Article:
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ALBERT B. CASUGA, a Philippine-born writer, lives in Mississauga, Ontario, Canada, where he continues to write poetry, fiction, and criticism after his retirement from teaching and serving as an elected member of his region's school board. He was nominated to the Mississauga Arts Council Literary Awards in 2007. A graduate of the Royal and Pontifical University of St. Thomas (now University of Santo Tomas, Manila. Literature and English, magna cum laude), he taught English and Literature (Criticism, Theory, and Creative Writing) at the Philippines' De La Salle University and San Beda College. He has authored books of poetry, short stories, literary theory and criticism. He has won awards for his works in Canada, the U.S.A., and the Philippines. His latest work, A Theory of Echoes and Other Poems was published February 2009 by the University of Santo Tomas Publishing House. His fiction and poetry were published by online literary journals Asia Writes and Coastal Poems recently. He was a Fellow at the 1972 Silliman University Writers Workshop, Philippines. As a journalist, he worked with the United Press International and wrote an art column for the defunct Philippines Herald.

Wednesday, April 10, 2013


This is Poem #11 in my series of poem responses to the Big Questions posed by philosophers, scientists, theologians, even village cranks, to help celebrate National Poetry Month (NaPoMo, April 2013). Do We Need A God? Why is there a Need to be Good?---Simon Blackburn 

Ubi solitudinem faciunt, pacem appellant --- Tacitus*

Either way, distance finds me
looking up or down this cliff,
an unlikely sanctuary I escape
into aching for scarce solitude.

How can one be alone among
the darting seagulls? Or silent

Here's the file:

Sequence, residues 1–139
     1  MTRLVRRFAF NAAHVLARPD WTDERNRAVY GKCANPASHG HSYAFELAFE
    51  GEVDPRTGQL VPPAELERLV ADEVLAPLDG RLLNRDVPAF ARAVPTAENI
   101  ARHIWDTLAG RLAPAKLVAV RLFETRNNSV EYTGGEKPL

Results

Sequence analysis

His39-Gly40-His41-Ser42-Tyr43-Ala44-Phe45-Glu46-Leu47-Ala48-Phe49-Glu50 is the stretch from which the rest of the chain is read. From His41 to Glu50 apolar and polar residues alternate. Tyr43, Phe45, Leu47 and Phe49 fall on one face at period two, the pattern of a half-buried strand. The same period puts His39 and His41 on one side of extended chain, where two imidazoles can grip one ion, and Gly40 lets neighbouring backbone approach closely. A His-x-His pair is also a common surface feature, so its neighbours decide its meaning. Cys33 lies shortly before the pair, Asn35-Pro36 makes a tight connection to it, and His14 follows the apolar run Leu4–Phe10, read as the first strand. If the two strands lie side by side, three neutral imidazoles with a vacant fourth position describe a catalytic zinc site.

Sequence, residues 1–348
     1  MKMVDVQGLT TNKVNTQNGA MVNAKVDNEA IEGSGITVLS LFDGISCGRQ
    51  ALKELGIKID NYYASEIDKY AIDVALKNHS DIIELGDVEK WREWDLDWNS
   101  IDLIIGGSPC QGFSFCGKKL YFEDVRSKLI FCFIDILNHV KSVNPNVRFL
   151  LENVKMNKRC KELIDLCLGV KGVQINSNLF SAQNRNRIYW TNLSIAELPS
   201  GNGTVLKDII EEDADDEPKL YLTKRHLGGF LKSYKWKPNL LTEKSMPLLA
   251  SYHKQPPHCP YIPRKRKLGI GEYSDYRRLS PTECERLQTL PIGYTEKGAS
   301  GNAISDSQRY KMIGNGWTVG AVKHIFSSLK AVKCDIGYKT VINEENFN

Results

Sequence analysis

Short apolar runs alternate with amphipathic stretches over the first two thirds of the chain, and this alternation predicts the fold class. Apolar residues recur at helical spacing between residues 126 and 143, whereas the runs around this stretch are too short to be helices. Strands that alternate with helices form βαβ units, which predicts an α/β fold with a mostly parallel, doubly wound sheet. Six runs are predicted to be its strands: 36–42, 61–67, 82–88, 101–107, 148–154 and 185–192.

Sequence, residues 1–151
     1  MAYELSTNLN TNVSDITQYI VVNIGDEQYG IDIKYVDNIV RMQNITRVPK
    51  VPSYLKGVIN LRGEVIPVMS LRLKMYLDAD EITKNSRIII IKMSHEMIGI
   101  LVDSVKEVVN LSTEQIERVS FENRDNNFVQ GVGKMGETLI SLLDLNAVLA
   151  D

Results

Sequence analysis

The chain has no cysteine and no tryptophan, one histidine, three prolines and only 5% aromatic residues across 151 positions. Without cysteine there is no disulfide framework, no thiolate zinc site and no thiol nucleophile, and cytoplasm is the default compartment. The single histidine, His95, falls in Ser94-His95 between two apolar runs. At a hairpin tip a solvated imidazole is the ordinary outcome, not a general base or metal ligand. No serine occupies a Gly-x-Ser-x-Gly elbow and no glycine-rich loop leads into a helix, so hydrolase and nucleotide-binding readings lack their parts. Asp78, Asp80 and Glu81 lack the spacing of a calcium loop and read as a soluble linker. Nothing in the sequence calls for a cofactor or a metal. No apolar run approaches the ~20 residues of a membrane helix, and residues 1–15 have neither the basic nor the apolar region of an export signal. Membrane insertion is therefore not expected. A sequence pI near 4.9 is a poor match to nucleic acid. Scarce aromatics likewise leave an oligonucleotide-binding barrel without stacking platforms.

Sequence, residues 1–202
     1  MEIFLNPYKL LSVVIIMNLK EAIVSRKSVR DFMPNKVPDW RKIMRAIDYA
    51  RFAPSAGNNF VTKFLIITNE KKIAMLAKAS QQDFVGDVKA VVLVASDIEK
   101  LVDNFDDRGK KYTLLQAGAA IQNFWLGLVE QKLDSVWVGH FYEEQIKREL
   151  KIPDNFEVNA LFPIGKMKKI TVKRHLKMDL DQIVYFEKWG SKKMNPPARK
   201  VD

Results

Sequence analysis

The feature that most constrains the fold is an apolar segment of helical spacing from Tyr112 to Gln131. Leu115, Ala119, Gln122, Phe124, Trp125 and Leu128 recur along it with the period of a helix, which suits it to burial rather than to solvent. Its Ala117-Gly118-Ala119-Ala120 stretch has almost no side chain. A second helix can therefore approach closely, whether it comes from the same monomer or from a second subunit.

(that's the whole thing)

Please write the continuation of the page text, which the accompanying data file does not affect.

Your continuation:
with lost memories jarred by
blasts of breaking waves below?

Here, gods revel in their haven
of whistling winds and clouds,
down there fishermen cackle,
chewing sargasso, guzzling gin,

while their thrown nets fill up
with flotsam floating around
moss-gowned boulders staring
at the sky like dark green eyes.

Is it this vast and empty space
between that scares me now,
when I should be murmuring
secrets to messenger winds?

I would scream unbearable
pain, holler down bitter anger;
I must share muffled grief,
loosen taut shackles of despair.

Either way, I find wailing walls
in air, water, rocks, and wind;
like Job I weep for peace, hope
to gently fall in the cup of palms

waiting to catch my carrion
now carved out of a shattered
world of faithlessness and fear,
unable to hold on to life or love.

On this piece of jutting rock,
have I not found the little place
where I could reach His Hand
quickly were I to fall, either way?

Simon Blackburn is a philsophy professor at the University of Cambridge in England. His essays "Why Be Good?" (pp. 94 etseq) and "Do We Need God?" (pp. 159 etseq), are included in the The Big Questions, Philosophy, 2009, Quercus Publishing Plc, London,  UK.

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